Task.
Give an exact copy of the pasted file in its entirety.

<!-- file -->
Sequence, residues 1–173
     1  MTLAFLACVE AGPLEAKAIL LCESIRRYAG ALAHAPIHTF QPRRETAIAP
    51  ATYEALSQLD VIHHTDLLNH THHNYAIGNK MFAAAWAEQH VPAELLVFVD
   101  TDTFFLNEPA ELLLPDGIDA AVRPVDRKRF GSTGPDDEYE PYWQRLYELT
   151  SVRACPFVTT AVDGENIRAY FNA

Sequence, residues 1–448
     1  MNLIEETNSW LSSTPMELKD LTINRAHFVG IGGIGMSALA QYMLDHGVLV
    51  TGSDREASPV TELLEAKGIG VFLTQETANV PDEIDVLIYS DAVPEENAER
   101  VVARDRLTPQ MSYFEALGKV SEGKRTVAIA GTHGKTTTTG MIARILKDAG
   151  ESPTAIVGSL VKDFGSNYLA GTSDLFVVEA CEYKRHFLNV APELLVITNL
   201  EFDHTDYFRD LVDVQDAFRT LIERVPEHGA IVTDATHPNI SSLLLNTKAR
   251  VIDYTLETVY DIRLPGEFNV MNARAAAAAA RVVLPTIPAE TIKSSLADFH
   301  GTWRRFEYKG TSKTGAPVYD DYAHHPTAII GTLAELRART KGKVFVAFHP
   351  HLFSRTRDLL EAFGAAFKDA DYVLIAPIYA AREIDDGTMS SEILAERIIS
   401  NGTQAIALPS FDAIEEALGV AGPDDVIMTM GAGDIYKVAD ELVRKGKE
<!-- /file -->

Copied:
Sequence, residues 1–173
     1  MTLAFLACVE AGPLEAKAIL LCESIRRYAG ALAHAPIHTF QPRRETAIAP
    51  ATYEALSQLD VIHHTDLLNH THHNYAIGNK MFAAAWAEQH VPAELLVFVD
   101  TDTFFLNEPA ELLLPDGIDA AVRPVDRKRF GSTGPDDEYE PYWQRLYELT
   151  SVRACPFVTT AVDGENIRAY FNA

Sequence, residues 1–448
     1  MNLIEETNSW LSSTPMELKD LTINRAHFVG IGGIGMSALA QYMLDHGVLV
    51  TGSDREASPV TELLEAKGIG VFLTQETANV PDEIDVLIYS DAVPEENAER
   101  VVARDRLTPQ MSYFEALGKV SEGKRTVAIA GTHGKTTTTG MIARILKDAG
   151  ESPTAIVGSL VKDFGSNYLA GTSDLFVVEA CEYKRHFLNV APELLVITNL
   201  EFDHTDYFRD LVDVQDAFRT LIERVPEHGA IVTDATHPNI SSLLLNTKAR
   251  VIDYTLETVY DIRLPGEFNV MNARAAAAAA RVVLPTIPAE TIKSSLADFH
   301  GTWRRFEYKG TSKTGAPVYD DYAHHPTAII GTLAELRART KGKVFVAFHP
   351  HLFSRTRDLL EAFGAAFKDA DYVLIAPIYA AREIDDGTMS SEILAERIIS
   401  NGTQAIALPS FDAIEEALGV AGPDDVIMTM GAGDIYKVAD ELVRKGKE